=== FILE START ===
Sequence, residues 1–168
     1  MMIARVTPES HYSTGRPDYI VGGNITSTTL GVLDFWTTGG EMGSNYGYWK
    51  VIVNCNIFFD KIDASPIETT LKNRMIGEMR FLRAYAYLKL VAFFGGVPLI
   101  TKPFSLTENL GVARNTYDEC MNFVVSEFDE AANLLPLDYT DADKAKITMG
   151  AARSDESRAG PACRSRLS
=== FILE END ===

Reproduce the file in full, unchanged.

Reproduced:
Sequence, residues 1–168
     1  MMIARVTPES HYSTGRPDYI VGGNITSTTL GVLDFWTTGG EMGSNYGYWK
    51  VIVNCNIFFD KIDASPIETT LKNRMIGEMR FLRAYAYLKL VAFFGGVPLI
   101  TKPFSLTENL GVARNTYDEC MNFVVSEFDE AANLLPLDYT DADKAKITMG
   151  AARSDESRAG PACRSRLS